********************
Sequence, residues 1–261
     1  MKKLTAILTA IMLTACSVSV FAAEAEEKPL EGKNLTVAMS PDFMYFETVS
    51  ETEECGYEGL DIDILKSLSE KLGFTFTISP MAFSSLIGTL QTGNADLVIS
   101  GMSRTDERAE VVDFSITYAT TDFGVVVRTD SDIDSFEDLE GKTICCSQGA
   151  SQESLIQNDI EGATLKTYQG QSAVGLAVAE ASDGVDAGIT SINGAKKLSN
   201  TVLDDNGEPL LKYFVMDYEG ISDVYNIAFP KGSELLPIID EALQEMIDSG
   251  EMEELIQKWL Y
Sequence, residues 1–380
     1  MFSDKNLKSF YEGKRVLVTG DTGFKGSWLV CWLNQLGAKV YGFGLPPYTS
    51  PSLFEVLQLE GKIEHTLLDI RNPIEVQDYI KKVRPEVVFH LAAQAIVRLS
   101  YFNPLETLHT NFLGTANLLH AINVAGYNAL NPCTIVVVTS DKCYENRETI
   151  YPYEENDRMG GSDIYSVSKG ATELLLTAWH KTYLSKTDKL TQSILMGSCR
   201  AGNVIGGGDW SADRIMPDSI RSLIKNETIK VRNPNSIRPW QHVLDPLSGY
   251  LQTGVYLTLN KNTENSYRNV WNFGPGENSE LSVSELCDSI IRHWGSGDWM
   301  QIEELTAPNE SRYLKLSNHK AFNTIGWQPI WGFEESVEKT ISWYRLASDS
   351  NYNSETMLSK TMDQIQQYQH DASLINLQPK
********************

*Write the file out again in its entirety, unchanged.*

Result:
Sequence, residues 1–261
     1  MKKLTAILTA IMLTACSVSV FAAEAEEKPL EGKNLTVAMS PDFMYFETVS
    51  ETEECGYEGL DIDILKSLSE KLGFTFTISP MAFSSLIGTL QTGNADLVIS
   101  GMSRTDERAE VVDFSITYAT TDFGVVVRTD SDIDSFEDLE GKTICCSQGA
   151  SQESLIQNDI EGATLKTYQG QSAVGLAVAE ASDGVDAGIT SINGAKKLSN
   201  TVLDDNGEPL LKYFVMDYEG ISDVYNIAFP KGSELLPIID EALQEMIDSG
   251  EMEELIQKWL Y
Sequence, residues 1–380
     1  MFSDKNLKSF YEGKRVLVTG DTGFKGSWLV CWLNQLGAKV YGFGLPPYTS
    51  PSLFEVLQLE GKIEHTLLDI RNPIEVQDYI KKVRPEVVFH LAAQAIVRLS
   101  YFNPLETLHT NFLGTANLLH AINVAGYNAL NPCTIVVVTS DKCYENRETI
   151  YPYEENDRMG GSDIYSVSKG ATELLLTAWH KTYLSKTDKL TQSILMGSCR
   201  AGNVIGGGDW SADRIMPDSI RSLIKNETIK VRNPNSIRPW QHVLDPLSGY
   251  LQTGVYLTLN KNTENSYRNV WNFGPGENSE LSVSELCDSI IRHWGSGDWM
   301  QIEELTAPNE SRYLKLSNHK AFNTIGWQPI WGFEESVEKT ISWYRLASDS
   351  NYNSETMLSK TMDQIQQYQH DASLINLQPK